Oil Slips From Two-Year High as Doubts Over OPEC Meeting Linger
(Bloomberg) -- A rising U.S. rig count and continuing uncertainty over OPEC’s strategy to extend supply cuts pushed oil prices lower following a week in which they hit their highest close in more than two years.
Futures slid as much as 2.4 percent in New York after rising 1.6 percent Friday to the most since June 2015. OPEC and Russia, partners in the oil-cuts deal, have crafted the outline of an agreement to extend curbs to the end of next year, according to people involved in the discussions. But doubts remain over the size of the reductions after the current accord expires in March, as well as which exit strategy the group will adopt. Meanwhile, drillers targeting crude in the U.S. added nine rigs last week.
"What we’re seeing is cold feet heading into the OPEC meeting," said Ashley Petersen, lead oil market analyst at Stratas Advisors in New York. "After exuberance over three weeks now, investors are getting nervous. That’s going to be the dominant driver regardless of the weekly fundamental data."
Oil has advanced about 23 percent since the start of September on speculation the Organization of Petroleum Exporting Countries and its allies will prolong output reductions to drain a global glut. OPEC and Russia are still hammering out crucial details for an extension, the people involved in the conversations said last week. Russia wants the deal to include new language that would link the size of the curbs to the health of the oil market, they said.
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"The consensus is building that Russia may not want to have a situation where they’re ready to restrict supply without any qualifications," Bart Melek, the global head of commodity strategy at TD Securities in Toronto, said by phone. "They don’t want to move prices too high to incentivize unconventional producers to produce."
West Texas Intermediate for January delivery settled at $58.11 a barrel on the New York Mercantile Exchange, after falling to an intraday low of $57.55. News that Cushing, Okla., crude inventories fell by 2 million barrels last week helped spur the mid-day rebound.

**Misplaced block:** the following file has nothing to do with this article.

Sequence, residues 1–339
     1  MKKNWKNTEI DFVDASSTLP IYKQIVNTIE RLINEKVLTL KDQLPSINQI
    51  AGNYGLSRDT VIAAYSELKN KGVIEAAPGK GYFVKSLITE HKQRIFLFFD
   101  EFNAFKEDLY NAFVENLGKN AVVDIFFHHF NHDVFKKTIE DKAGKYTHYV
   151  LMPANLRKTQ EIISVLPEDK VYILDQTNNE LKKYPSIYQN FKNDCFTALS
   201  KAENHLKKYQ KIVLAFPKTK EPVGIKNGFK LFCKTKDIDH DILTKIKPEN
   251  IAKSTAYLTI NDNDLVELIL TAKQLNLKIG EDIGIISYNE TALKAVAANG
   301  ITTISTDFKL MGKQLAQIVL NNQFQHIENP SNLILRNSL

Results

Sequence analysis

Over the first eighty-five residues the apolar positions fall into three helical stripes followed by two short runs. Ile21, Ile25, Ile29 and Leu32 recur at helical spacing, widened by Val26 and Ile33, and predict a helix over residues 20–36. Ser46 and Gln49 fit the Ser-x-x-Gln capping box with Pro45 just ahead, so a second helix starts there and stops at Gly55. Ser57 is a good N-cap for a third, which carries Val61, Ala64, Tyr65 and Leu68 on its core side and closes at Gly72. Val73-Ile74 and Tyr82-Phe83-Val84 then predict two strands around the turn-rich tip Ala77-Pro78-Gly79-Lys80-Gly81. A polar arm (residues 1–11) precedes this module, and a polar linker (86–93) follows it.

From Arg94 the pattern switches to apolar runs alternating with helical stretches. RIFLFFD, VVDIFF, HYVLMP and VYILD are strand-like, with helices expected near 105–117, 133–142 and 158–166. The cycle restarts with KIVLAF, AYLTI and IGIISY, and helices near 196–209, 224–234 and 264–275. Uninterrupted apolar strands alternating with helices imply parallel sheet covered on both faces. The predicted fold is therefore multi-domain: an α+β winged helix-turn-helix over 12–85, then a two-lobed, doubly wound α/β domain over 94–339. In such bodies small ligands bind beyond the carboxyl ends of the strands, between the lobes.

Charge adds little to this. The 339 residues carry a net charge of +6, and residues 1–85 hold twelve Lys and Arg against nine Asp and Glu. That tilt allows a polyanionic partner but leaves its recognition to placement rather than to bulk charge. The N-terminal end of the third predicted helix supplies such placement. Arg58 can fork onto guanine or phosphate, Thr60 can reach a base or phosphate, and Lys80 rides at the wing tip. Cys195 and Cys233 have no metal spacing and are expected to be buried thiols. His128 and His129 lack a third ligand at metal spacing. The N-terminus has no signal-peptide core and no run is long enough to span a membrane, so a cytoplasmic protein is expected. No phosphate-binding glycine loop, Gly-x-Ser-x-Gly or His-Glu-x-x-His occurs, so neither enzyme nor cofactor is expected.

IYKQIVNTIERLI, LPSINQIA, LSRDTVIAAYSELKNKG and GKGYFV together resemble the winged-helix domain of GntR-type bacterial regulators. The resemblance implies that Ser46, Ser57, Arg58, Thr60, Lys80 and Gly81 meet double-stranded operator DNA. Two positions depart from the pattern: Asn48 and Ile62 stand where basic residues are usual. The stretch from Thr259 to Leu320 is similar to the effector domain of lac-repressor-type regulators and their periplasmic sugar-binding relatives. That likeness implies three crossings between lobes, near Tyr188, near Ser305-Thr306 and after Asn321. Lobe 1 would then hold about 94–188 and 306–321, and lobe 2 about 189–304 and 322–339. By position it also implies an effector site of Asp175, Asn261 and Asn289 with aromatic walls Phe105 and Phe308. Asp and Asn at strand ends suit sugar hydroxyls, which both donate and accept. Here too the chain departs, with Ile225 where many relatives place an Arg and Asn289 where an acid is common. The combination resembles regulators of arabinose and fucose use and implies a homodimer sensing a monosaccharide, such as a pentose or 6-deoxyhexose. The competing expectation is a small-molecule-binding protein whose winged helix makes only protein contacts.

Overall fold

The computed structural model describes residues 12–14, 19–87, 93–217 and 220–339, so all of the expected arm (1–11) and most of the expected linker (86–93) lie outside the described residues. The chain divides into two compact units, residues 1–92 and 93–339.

"That’s almost the primary reason that we’re so close to $60 in WTI," Michael Lynch, president of Strategic Energy & Economic Research in Winchester, Massachusetts, said by telephone.
Still, trepidation about Thursday’s gathering in Vienna will continue to keep crude lower, Lynch said. "There’s fear that stronger prices will lead to changes in production quotas."
Read our OPEC Reality Check to see what’s at stake for each producer
Brent for January delivery settled at $63.84 a barrel on the London-based ICE Futures Europe exchange, after rising 1.8 percent last week. The global benchmark crude traded at a premium of $5.73 to WTI.
Transcanada plans to resume service on its Keystone crude pipeline Nov. 28 at reduced rates, after shutting line Nov. 16 because of a leak in South Dakota. Crude inventories in Cushing, Okla., fell 2 million barrels in the week ended Nov. 24, according to a forecast compiled by Bloomberg. Iraq’s hitting a couple of speed bumps as it gears up for 2018 oil sales, after making unprecedented moves to sell one-time cargoes this year in addition to supplies under long-term contracts. OECD fuel inventories were 140 million barrels above the five-year average in October, down from record of more than 380 million, according to the text of a speech on Monday by OPEC Secretary General Mohammad Barkindo.
--With assistance from Ben Sharples and Grant Smith.To contact the reporter on this story: Catherine Traywick in Washington at email@example.com To contact the editors responsible for this story: Reg Gale at firstname.lastname@example.org Debarati Roy, Mike Jeffers
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